Kyle and The Shed | November 9, 2022

Kyle got a shed.  I think I’m supposed to say “WE” got a shed; except that “we” wrongly assumed our garage would serve as a place for storing garage-related items and not dance parties (or whatever Kyle and his buddies do out there), therefore negating the need for a separate out-building.  My participation in the acquisition of the shed was to select its colors: black and white, the same as our house.  That decision took five seconds.

However, in my forty-eight hours of (Kyle’s) shed ownership, I have come to the realization that while the shed may look like four walls and a roof, it’s really the shape of friendship. 

According to the irrefutable source of all scientific knowledge, WebMD, there are six steps to making friends:

  1. Start the conversation.
  2. Show interest.
  3. Smile.
  4. Share.
  5. Do a small favor.
  6. Keep it going.

Like a tree falling in the forest, is a shed even a shed if you don’t use it to talk about sheds?  The answer is no.  Which meant:


Starting from the day we moved in, every visitor of the dad persuasion made their way to the backyard so as to discuss shed-related matters.

“I need a shed,” Kyle would say.

“Yeah,” the dads would reply.  “Shed’d be good.  You thinking an overhead garage door?”

“Nah,” Kyle would say, knowingly.  “Can’t go too big; gotta leave room for the rink.”

“Yeah,” the dads would nod, also knowingly.  “Should we run over to Menards and get some wood?”

Which would be my cue to lean out the door and shout,

“He’s not going to build it!”

To which the dads would laugh – they had fun-ruining wives, too.  Also, their laughter, as it were, was a facial movement related to:


The #1 thing in the world that makes people happy: Love.  The number two: Sheds.  There’s nothing more fun than some gentle shed-based ribbing.

Kyle and the dads were having a fire over at our neighbor’s house.  As one would expect, the conversation turned to the neighbor’s shed and Kyle’s lack thereof.

“Hey, when’s that shed coming?”  They asked Kyle, knowing full well he hadn’t yet ordered it (The Kosiors are the world’s foremost browsers-before-you-buyers; for example, his dad once went to four different stores TWICE each before purchasing a bagful of screws).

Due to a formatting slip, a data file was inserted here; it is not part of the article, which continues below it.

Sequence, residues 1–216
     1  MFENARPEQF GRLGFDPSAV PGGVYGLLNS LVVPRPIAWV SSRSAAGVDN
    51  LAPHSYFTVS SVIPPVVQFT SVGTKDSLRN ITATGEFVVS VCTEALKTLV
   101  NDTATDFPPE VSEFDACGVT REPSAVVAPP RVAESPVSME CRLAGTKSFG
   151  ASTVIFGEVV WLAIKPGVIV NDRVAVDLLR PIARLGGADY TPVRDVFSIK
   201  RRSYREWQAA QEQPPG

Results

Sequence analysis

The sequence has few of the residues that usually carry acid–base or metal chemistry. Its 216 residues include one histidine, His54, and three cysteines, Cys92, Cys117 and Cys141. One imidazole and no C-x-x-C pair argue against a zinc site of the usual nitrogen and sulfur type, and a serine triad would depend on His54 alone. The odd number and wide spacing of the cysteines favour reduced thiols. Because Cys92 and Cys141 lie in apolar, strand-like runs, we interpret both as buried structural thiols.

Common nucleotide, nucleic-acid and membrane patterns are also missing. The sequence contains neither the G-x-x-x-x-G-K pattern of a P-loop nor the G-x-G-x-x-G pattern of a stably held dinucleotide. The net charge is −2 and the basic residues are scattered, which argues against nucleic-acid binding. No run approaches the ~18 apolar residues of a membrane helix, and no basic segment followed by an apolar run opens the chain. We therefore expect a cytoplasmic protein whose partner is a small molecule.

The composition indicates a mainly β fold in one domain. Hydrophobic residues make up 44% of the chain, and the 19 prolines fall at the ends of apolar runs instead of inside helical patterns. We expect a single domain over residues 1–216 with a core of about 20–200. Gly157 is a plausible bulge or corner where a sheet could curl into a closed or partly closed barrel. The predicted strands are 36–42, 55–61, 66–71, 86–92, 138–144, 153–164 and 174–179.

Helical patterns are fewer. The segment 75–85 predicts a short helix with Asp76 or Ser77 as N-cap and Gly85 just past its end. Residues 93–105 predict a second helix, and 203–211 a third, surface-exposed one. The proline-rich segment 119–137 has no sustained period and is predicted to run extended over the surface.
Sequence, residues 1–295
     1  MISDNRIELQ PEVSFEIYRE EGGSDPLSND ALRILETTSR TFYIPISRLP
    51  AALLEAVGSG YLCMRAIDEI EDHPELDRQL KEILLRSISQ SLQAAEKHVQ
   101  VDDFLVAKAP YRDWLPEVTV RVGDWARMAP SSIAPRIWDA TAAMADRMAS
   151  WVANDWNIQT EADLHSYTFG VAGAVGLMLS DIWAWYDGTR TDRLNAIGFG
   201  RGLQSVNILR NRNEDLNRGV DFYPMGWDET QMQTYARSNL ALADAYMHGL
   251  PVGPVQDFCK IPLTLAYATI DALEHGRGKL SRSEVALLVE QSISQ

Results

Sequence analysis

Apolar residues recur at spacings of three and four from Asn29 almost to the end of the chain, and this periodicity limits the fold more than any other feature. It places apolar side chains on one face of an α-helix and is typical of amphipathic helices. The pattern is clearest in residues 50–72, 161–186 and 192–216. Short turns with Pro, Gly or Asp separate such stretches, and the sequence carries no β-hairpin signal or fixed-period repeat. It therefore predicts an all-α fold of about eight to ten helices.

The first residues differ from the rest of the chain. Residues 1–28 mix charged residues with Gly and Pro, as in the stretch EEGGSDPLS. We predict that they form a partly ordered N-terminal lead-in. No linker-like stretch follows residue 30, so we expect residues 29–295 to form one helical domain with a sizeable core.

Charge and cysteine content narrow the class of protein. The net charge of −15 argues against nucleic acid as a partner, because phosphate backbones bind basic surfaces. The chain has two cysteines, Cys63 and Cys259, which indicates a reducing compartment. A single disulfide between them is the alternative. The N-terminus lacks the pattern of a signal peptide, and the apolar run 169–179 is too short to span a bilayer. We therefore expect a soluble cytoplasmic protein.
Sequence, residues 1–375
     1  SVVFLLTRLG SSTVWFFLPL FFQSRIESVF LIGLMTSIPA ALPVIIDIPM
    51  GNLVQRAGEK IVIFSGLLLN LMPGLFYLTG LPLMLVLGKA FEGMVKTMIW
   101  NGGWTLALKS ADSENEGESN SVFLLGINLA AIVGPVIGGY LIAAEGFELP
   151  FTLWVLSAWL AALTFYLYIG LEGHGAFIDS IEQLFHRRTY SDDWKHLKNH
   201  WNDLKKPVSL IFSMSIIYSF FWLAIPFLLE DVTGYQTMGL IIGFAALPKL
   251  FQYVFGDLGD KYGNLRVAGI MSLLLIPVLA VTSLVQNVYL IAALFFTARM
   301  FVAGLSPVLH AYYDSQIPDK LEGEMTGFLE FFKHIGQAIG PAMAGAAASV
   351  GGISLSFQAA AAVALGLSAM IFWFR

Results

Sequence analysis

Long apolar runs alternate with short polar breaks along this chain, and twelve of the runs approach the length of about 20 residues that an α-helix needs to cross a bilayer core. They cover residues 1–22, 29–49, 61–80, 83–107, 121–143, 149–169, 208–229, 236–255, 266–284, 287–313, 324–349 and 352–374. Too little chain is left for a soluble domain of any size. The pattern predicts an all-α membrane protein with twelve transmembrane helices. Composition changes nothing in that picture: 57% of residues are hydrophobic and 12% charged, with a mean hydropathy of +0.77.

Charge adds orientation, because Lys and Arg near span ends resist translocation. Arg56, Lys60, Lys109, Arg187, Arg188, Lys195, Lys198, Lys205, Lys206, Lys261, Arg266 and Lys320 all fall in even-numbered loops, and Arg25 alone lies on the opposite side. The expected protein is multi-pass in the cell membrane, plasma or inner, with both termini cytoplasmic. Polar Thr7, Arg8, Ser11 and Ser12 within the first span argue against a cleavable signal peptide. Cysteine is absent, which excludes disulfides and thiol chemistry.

“I’m waiting for [one of the dads who also regularly laments his lack of shed] to get one first,” Kyle said, and everyone laughed; teasing is enjoyable.

“Maybe we should take down that portion of the fence and just extend my shed over,” our neighbor said.  “Like a double-wide.  We could double our storage space.” Then everyone stopped laughing because that was an infallibly good idea.

“If we’re going to take down fencing, we should build one of those fence bars between our two houses,” Kyle said – since, as we know, caring is:


An important part of building friendships is to share your commonality through subtle gestures that communicate, “Yes, I, too, am educated on sheds.”

“What kind of a foundation are you thinking?”  One of the dads asked after the conversation on fence bars had reached a temporary end.

“Probably sand,” Kyle said.  “You know, ‘case I want to move it.”

“Yeah,” another dad said.  “Sand’s good.  I did sand once.  I have concrete now so I can park my boat.”

“Yeah, gotta get a boat,” Kyle said.  “After the shed.”

Which was my cue to lean out the door and shout,

“We’re not getting a boat!”

“Hey, I’ve got a sand guy,” one of the dads said once the laughter – wives, amirite?! – died down.  “I can call him, if you want.”  Because, of course, one of the hallmarks of friendship is:


After many, many of these discussions, it was confirmed by my husband and the dads that YES, the backyard site Kyle had initially selected while touring the house with the realtor was, in fact, the right one.  However, that particular location required the moving of a small tree.  After many, many additional discussions on that particular tree and trees in general (“I’ve got a tree guy”), our neighbor volunteered to help relocate it.  Digging up and replanting that tree took thirty minutes.  Retelling the story of digging up and replanting that tree (spoiler: it went as expected) carried over for several more months.

That neighbor has actually carried the bulk of the very important small favors, including coming over to look at the postholes when the fence was removed to make way for the shed, asking about the delivery date of the shed, and looking at the new shed once it was installed (and also storing the aforementioned hockey rink while waiting for the shed – thank you, Shane).

And, speaking of install:


The shed was delivered over the lunch hour on Monday.  I came home “to see the shed,” as per request.  When I got there, Kyle and the shed guy were standing in the backyard, deep in conversation.  Kyle came in a few minutes later, excited (for Kyle).

“The guy who delivered the shed is a beauty,”  he said.  “I’m going to make him a coffee.”

“That’s great,” I said.

“Did you see the shed?”  He said.

“Yes,” I said.  “Very nice.  Maybe you can invite the shed guy over to see it once you have all your stuff in it.”

“Yeah,” Kyle said.  “Maybe I should have a shed party.”

“Whatever you want,” I said, because friendship is spelled s-h-e-d.

The photo above is of Kyle (and his beret) and his shed.

This week’s news has happy haybales and a great idea for a Halloween tradition.  Read on.